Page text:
Mercantilism

What is Mercantilism? Meaning, Theory, Key Points, and Criticisms

What is Mercantilism?

Mercantilism emerged, came into practice, and developed between 1500 to 1770 AD it was systematically developed by an Italian Economist, Antonio Serra. Mercantilism is an economic theory as well as an international business/trade theory.

Mercantilism is the starting point of the development of the international business which was initially originated in French as “Mercantile” and “Marchant” meaning a general currency system. During the mercantilism period, treasure, usually gold and silver were the only currency of trade between the countries.

By mercantilism theory, a country should increase exports and restrict imports to generate wealth and strengthen power. The government must maintain their export greater than the imports. A country’s best interest should be to maintain a trade surplus, encourage exports through subsidies, and reduce imports through tariffs, quotas, and non-tariff barriers.

Mercantilism argues countries should accumulate treasure, gold, and silver on which a nation’s wealth depends. The more such treasure a nation has the more powerful the nation is. It believes gold and silver and precious metals are the nation’s wealth, it creates a nation strong and powerful and helps to get international prestige.

It is a government interventionist theory, the state power is desirable to mobilize resources with the help of trade to satisfy their citizens’ desires and create national wealth.

Mercantilism stayed for nearly 300 years (1500-1770) but in the early 18th century French thinkers called physiocrats argued governments do not interfere in trade and other matters. Later on, Adam Smith 1976, further added the concept of free trade, it was not immediately accepted but again in the 20th century John Maynard Keynes and his followers influenced the concept.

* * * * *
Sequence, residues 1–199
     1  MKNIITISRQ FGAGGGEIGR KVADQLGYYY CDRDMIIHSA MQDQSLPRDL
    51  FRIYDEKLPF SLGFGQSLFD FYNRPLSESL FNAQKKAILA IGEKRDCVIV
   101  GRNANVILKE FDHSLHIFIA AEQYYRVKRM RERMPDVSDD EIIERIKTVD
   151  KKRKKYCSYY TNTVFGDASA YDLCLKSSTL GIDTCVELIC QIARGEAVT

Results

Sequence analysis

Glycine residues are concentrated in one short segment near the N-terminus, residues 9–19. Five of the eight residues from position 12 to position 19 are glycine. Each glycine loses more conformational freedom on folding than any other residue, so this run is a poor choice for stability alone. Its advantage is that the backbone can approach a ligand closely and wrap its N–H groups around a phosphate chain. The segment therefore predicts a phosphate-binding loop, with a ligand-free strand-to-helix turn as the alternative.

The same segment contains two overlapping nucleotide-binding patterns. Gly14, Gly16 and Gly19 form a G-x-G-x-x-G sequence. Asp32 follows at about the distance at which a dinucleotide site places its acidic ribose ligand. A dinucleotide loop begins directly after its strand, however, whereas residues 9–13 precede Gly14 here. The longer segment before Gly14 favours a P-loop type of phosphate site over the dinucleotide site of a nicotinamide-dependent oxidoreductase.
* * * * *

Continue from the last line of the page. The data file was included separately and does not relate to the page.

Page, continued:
Key Points of Mercantilism

Mercantilism represents the beginning of national regulations of world business and its basic mercantilist mindset is quite prevalent in the economic system of most the countries of today.

Following are the main points of mercantilism theory that can be pointed out.

Export Oriented

The mercantilist theorists hold the view that a country’s wealth is determined by how much the country exports. A country should maintain a position of having exports greater than imports.

Export is the means to earn wealth for the country, doing so a nation earns more gold and silver. Imports results in an outflow of the nation’s treasure to other countries. It advocates that a government should encourage exports and restricts imports which help to get a result in a favorable balance of payments or trade surplus.

To encourage exports – favorable commercial policies should be made, exports should be incentivized and subsidized and restrictions should be applied to imports.

Government Interventionist Theory

Mercantilism is the government interventionist theory that is controlled by the government of the nation. Trade, commercial policies, resource mobilization, and business across borders all are controlled by the government.

The government has total control over the trade of the nation. Businesses are bound to work under government regulations. Businesses have to follow the state rules and wealth creation is also dependent on the government as such the wealth could be achieved by the government’s commercial policies of export promotion with incentives and import restriction with barriers, which results in a favorable trade surplus.

Zero-Sum Game

The concept of a zero-sum game is introduced by mercantilist theorists. A zero-sum game means a loss to a country is an equal benefit to another country. By this, a country’s profit is equal to the loss of another country with which the trade is conducted.

As a result, one nation’s wealth could only be increased at the expense of another. Because gold is limited, a trade balance that raises one nation’s gold or silver supply must inevitably diminish the supply of another. As a result, there was intense trade competition.